Noodling

In poking around the web, I also turned up Running a Planescape Campaign, which has some interesting ideas in it, and Planescape’s Missing Megadungeon, which proposes a tantalizing option.

“Loosey-goosey planar D&D,” which is kind of what’s grabbing me here, also made me think of FLAILSNAILS. I’ve never run or played in a FLAILSNAILS game, but the basic idea — throw together PCs from a variety of roughly D&D-compatible systems for a night of adventure — seems like it’d apply well to Planescape.

For the moment, that’s where my head’s at with the idea of Planescape sandbox: use 0e or B/X D&D, stick to the core set plus maybe another book or two, base things in Sigil, and see what happens. I lucked into a print copy of the boxed set, so once it arrives I’ll be able to bounce those ingredients off the setting and see if it still sounds as appealing as it does right now.

[1] He also brought up lots of other stuff, and even started an RPG.net thread to talk about some of it. Like many of the folks who commented on G+, he’s got great ideas about how to run Planescape.

Categories
Old school Tabletop RPGs Zines

Zine roundup: The Excellent Travelling Volume, issues 1-4

The Excellent Travelling Volume is a print-only Tékumel fanzine by James Maliszewski, offering up a host of content for Empire of the Petal Throne.

James’ work tends to be polished and thoughtfully considered, and that’s a big part of what I like about it. I wanted to see how that translated into a zine, and I’m always curious about Empire of the Petal Throne, so I took the plunge.[1] What’s between each issue’s covers is polished, thoughtfully considered support material for Empire of the Petal Throne.

Highlights

TETV is a licensed Tékumel product, and James is clearly a fan of M.A.R. Barker and his work — plus, he’s running an EPT campaign as he produces this zine. All of that comes together to make a nifty resource.

Here’s my favorite thing from each issue:

  • Issue 1: This issue lays the foundation for what’s to come, much like the first issue of Wormskin, so it’s full of stuff a new EPT GM might need — often accompanied by observations about EPT and Tékumel. My favorite is Magical Devices, a regular column full of new magic items. The accompanying note points out that magic items in EPT are meant to be unique (with rare exceptions), and once discovered shouldn’t be available for future random treasure rolls. Cue the ongoing need for more magic items, like the six on offer here. The Aeonian Donjon of Nrashkéme imprisons anyone who touches it just so in another dimension, while the Mace of Vanquishing the Less-Than-Men has a chance to disintegrate nonhumans when it strikes them. I love flavorful magic items, and these are great.
  • Issue 2: By default, EPT assumes new PCs are strangers in a strange land (abrogating the need for players to learn the setting material, and preserving the joy of exploration), and they need someplace to start out, The city of Sokátis (beautifully mapped below) is just the ticket. This piece covers its factions, just enough backstory to be interesting, a chunk of its underworld, and a list of notable locations. It’s plenty to get things rolling, and later issues include more.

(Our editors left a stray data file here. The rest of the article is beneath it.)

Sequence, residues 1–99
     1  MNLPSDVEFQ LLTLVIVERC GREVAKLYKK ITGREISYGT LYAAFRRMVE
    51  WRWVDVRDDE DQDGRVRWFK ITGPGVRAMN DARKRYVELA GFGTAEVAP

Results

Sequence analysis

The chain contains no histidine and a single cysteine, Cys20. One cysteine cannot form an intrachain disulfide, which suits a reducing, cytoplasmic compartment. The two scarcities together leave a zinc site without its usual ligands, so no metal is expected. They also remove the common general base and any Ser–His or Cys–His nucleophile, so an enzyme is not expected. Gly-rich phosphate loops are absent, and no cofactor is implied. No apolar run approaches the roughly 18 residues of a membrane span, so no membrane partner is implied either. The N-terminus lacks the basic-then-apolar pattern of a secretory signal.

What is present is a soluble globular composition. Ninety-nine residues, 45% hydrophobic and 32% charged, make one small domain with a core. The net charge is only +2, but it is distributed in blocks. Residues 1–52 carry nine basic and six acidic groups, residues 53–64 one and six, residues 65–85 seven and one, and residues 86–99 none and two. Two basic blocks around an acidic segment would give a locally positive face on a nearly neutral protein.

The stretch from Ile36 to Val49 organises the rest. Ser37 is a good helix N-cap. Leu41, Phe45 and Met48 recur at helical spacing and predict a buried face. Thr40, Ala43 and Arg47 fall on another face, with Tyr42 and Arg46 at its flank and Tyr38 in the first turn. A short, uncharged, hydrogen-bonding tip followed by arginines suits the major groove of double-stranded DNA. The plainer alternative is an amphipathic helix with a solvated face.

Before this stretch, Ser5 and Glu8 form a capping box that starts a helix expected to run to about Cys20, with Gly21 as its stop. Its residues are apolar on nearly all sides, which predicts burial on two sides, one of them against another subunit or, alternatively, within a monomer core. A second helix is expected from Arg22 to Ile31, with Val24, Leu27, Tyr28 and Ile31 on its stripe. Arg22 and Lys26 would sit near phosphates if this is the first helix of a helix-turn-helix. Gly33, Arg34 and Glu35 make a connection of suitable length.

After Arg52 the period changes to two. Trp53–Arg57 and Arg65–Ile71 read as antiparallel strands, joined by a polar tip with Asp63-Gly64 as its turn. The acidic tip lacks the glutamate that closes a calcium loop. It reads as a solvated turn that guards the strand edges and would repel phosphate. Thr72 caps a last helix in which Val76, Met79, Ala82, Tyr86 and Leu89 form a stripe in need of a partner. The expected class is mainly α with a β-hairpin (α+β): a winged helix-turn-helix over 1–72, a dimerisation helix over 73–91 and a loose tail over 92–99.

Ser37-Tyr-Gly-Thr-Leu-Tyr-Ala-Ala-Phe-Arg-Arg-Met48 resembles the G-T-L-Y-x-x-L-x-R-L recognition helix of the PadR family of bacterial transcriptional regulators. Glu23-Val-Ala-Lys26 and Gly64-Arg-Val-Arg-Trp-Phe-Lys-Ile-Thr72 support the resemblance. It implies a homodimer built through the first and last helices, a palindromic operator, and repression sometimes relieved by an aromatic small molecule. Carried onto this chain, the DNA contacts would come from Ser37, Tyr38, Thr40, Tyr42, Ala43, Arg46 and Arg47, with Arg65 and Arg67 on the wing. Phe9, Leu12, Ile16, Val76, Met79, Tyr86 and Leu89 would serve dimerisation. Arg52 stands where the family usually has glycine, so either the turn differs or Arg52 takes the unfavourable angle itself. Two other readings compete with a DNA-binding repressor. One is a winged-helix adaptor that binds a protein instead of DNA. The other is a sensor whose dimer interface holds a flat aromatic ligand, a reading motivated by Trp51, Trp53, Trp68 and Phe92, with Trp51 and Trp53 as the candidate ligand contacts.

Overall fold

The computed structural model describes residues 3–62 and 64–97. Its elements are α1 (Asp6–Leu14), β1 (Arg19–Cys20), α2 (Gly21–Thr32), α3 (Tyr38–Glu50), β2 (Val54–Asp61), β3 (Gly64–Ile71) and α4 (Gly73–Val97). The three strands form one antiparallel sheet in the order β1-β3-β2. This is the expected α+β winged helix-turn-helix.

• Issue 3: I love monsters and devil’s choices, so when the two combine my ears perk up. One of the demons in Demons of Ksárul and Grugáru, the Llyanmákchi (shown below), does just that: Make her an offering of childrens’ hands and feet, and she can be summoned to perform tasks — like teaching a PC skills or spells, or forming up a mob of lesser demons for sinister purposes. Sweet.
  • Issue 4: Another regular column, Patrons, provides more — and more fully fleshed-out — patrons for starting Tékumel PCs. These NPCs want things, they have means of rewarding PCs who help them, and they have connections to the setting. On top of that, each one includes four ways to use them, making them easy to fold into a game. I like pregenerated NPCs like this (obviously!), and like everything in TETV they also meet a specific EPT need.

If you’re reading this and wondering how much TETV material might be useful in your non-EPT game, I’d say 60%-75% of each issue is broadly compatible with all flavors of old-school D&D. But where 100% of it will shine is in an EPT campaign.

Fantastic artwork

James’ writing is accompanied by some truly stellar artwork. TETV is lighter on artwork than most of the other zines I’ve looked at recently, but it uses its art budget well.

(Jason Sholtis)

(Victor Raymond)

(I can’t figure out who did this one)

The Excellent Travelling Volume is a neat zine, different in tone than any of the others I’ve been reading. It further piques my interest in running an EPT game, something I’ve been meaning to do for years, and I like knowing that practical, immediately useful support material from James’ ongoing campaign is readily available.

If you’re in the market for a different sort of OSR zine, or of course if you’re running an EPT campaign, take a peek at The Excellent Travelling Volume.

[1] As I write this, issue 5 has just come out. I could have waited for it before writing this post, but that way lies madness!